Friday, February 16, 2018

Conversation on Black Seminary and Black Experience


Yung Suk Kim



Today our school faculty had a heated yet lively conversation on familiar yet difficult topics such as why a Black Seminary and the black experience. I enjoyed participating in this faculty dialogue and checked in with my reflections on this question from a perspective of both an insider and outsider. I am an Asian American scholar with Korean heritage. But I don't know what that really means to me. I don't know how much I am Asian or Korean, as I live as a Diaspora in America as a citizen. I am neither fully Asian nor American; indeed, the fact is there no such a clear dividing line between cultures or among people. Even among the homogenous groups by race or otherwise is there a clear difference. 

The bottom line is all divisions are artificial. I often say to me and others: "I am who I am; I am that I am." I am I. Nothing can be adequate or sufficient enough to describe who I am. Even I don't know all of what I am. I am a singular existence, a mysterious yet puzzling gift of God that can communicate with others. I am a bit of Koreanness, a bit of other who entered my life, a bit of American by education and experience for the past 23 years, and still a bit of a cosmopolitan that I belong everywhere because I live on the earth. I belong somewhere in between all of the above spheres, and other times I feel I belong nowhere. 

When I crossed the cultural boundary between the Asian/Korean culture and the African/American culture about thirteen years ago coming to this school, I had a belief that I could communicate well with my students and faculty and that I could learn something that I had never learned before. It is true that I didn't have any particular problems simply because I was and am Asian/Korean in this predominantly African/American community. Rather, my minority was affirmed as a colleague and brother. My scholarship was reaffirmed by my colleagues. I could also contribute to the well informed educational program rooted in African heritage. I tried to be who I am and opened myself up to new learning. 

But sometimes, as we did today, the more often people talk about black experience or why a black seminary, the more I feel a sense of meandering if not an exclusion because my immediate question is: What am I doing here? Some lurking questions in my mind are: What is the role of non-black faculty or non-black students who come to school? What is blackness? Is the black experience shareable with other cultures and people? Can blackness become another power? Is it then a power of liberation or domination? Is blackness from a collective experience or personal experience? Is it primarily a human condition that must be overcome or a unique perspective or hermeneutical lens that helps others to find their freedom? Or, is it still a positive, authentic, unique experience such as black spirituality or "life-giving experience" (this term is by Miles Jones, in his article: "Why a Black Seminary," in Christian Century, Feb 1972)?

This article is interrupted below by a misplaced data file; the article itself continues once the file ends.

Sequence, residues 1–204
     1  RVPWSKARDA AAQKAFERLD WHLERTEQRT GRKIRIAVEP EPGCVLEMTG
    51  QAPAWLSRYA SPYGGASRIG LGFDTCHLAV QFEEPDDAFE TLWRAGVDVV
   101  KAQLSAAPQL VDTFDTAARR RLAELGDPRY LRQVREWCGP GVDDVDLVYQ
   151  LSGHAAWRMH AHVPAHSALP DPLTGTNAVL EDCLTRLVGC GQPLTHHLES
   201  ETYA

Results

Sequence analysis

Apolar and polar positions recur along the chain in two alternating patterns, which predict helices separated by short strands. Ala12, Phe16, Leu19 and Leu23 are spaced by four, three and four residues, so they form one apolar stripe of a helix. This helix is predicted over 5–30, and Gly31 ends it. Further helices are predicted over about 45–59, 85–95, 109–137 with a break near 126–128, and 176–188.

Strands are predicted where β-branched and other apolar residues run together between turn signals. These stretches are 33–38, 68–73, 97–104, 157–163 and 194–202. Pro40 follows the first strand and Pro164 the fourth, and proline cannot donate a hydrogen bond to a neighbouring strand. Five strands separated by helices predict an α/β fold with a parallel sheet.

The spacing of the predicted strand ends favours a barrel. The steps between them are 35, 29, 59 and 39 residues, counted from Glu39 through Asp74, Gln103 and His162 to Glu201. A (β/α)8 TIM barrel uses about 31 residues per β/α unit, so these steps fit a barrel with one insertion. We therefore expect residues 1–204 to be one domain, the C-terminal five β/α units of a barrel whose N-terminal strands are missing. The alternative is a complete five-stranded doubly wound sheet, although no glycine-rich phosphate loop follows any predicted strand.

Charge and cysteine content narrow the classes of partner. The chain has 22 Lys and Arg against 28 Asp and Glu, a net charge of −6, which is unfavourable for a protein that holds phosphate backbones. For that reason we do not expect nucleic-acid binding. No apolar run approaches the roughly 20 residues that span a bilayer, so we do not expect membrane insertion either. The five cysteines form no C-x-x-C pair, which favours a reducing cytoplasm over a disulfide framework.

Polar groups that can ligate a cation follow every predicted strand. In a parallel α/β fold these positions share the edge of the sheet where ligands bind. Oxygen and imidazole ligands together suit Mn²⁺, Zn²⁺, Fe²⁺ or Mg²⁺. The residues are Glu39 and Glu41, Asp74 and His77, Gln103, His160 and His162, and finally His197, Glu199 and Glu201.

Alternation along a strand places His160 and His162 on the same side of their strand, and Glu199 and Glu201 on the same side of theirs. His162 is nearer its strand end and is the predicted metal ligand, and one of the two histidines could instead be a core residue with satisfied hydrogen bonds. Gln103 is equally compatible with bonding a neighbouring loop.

In the end, I believe the grand purpose of a Seminary, including a black seminary, must be fostering life and empowering people to live fully as they can, being set free from any human bondage, be it social, existential or psychological (c.f., Rom 8:2). In this endless pursuit of more of life, certainly, black seminaries have unique opportunities to lead others because of their rich heritage and experience. 

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Below is my original draft prepared for faculty conversation for today. I found good reasons for a black seminary. 

Why a Black Seminary?
By Yung Suk Kim, 2/16/2018

Why a black Seminary?
1. It can provide a good care to students in a more sustainable culture and community. So to speak, mutual care can be more effective than other places, and broken souls can be healed well in such an “under care” environment.

2. It can be a good place for identity formation or reformation, deeply rooted in African American heritage, culture, and experience.

3. It can be a good place for authenticity and diversity. By being authentic to African American spirit and experience, a black seminary can develop and exercise a diversity in our world, fostering "critical" spirituality and genuine solidarity with others.
But there are a few threats facing Black seminaries.
1. It can be a mere comfort zone that defies changes or challenges coming from outside. So to speak, settling down may be easy but self-change can be difficult when the same culture or experience exercises dominion in the school. Therefore, self-critique is important.

2. It can be a stagnant place due to weak resources such as finances for scholarships and faculty compensations, library and research support, and etc.